Style - How does the style/theme/ideas support these objectives/audience. Which competitors/parallel industries are making something in a style that fits the platform.
Volume of information - how much can we realistically get across in a video, image, graph, it’s about trade offs. Sometimes best to focus on a couple of messages. Some times we just want a short piece to prove value, quality, and to create a 'curiosity gap'. We can then use links to direct people towards the full content/product/service (potentially 'subscription' content.)
Emotion - does it engage on an emotional level? Does that matter?
Alternative - should this be a video, should this be a picture, should this be text? Why is this the medium?
Budget - How much do we have to spend? People can work to a broad range of budgets. We have to make more of this type of content, make sure you invest in the best great stories.
Defining Success - What would count as a success for this film? 1 billion hits, or ‘this changed my practice’? Perhaps a reduction in calls to customer service, replace valuable staff time. Even just making something creative, experimenting, proving a home at the leading edge, useful, shareable, show a strong quality brand.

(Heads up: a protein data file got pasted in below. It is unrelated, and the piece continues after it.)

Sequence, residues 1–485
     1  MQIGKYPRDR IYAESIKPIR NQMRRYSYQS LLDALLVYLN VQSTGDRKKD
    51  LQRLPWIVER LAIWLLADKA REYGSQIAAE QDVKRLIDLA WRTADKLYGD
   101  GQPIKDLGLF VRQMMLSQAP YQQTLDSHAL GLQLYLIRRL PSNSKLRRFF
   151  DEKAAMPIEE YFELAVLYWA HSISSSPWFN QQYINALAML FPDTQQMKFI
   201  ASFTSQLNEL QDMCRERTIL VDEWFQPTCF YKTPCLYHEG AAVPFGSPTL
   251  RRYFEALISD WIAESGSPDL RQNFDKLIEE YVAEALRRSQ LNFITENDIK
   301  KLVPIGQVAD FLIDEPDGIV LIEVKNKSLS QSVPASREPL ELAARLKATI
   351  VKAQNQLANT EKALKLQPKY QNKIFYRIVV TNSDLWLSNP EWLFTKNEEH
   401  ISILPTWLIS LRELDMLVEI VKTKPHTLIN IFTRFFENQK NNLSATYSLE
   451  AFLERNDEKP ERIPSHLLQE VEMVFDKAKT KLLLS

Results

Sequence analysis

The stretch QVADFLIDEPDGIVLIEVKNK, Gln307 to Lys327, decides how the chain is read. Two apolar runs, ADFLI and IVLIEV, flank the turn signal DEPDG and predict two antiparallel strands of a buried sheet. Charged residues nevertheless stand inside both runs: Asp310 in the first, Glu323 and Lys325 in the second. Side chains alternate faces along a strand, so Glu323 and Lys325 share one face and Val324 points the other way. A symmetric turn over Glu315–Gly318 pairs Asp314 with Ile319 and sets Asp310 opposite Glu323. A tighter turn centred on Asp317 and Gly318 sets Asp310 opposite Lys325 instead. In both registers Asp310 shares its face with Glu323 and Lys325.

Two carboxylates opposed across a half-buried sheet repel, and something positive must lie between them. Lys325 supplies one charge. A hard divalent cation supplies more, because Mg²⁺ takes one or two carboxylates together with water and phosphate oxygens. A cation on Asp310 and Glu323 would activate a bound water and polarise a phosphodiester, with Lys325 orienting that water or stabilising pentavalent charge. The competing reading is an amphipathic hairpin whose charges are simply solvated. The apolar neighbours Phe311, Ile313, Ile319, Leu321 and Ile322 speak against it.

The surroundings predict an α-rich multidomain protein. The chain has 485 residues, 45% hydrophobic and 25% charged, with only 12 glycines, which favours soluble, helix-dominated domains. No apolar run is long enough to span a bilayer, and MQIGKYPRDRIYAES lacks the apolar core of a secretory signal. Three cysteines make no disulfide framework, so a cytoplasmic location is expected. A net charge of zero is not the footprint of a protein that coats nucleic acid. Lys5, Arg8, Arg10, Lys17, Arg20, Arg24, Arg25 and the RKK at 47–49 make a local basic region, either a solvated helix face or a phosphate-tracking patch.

Think about all these things as you watch example content, Newspaper films, adverts, photography, animation illustration. What do you love/hate. What are they trying to make you feel/think/do, have they succeeded? How can this apply to your work in BMJ?
Some extras things
Good free stock video site - Videvo, often some very cool stuff here, you probably need to credit people, but well worth digging around.
Check out the 'Webby Awards' the oscars for internet things. Usually some pretty cool inspiration to be had there.
Download Snapchat, start messaging your friends in pictures, images, films. It will help you get a better understanding of the communicative power of multimedia All young people are growing up with these tools. We have to work harder to get used to being digital natives.
Aeon - curates cool science related films http://aeon.co/video/
Podcasts are revolutionising the distribution of audio content. These podcasts came as a reaction to a restrictive talk radio culture. The producers wanted to create something new, and started their own shows making use of a cheap medium and easy distribution. They got sponsors, and recently formed their own 'podcast network' raising $620,000 from listeners on Kickstarter. The old models are changing and these are the warning signs/opportunities. These are all somewhat tangentially related to BMJ, but worth investigating. Love and Radio - stories from the ambiguous spaces in between, 99% Invisible - lessons from the world of design, Everything is Stories - simple interviews with people on the margins.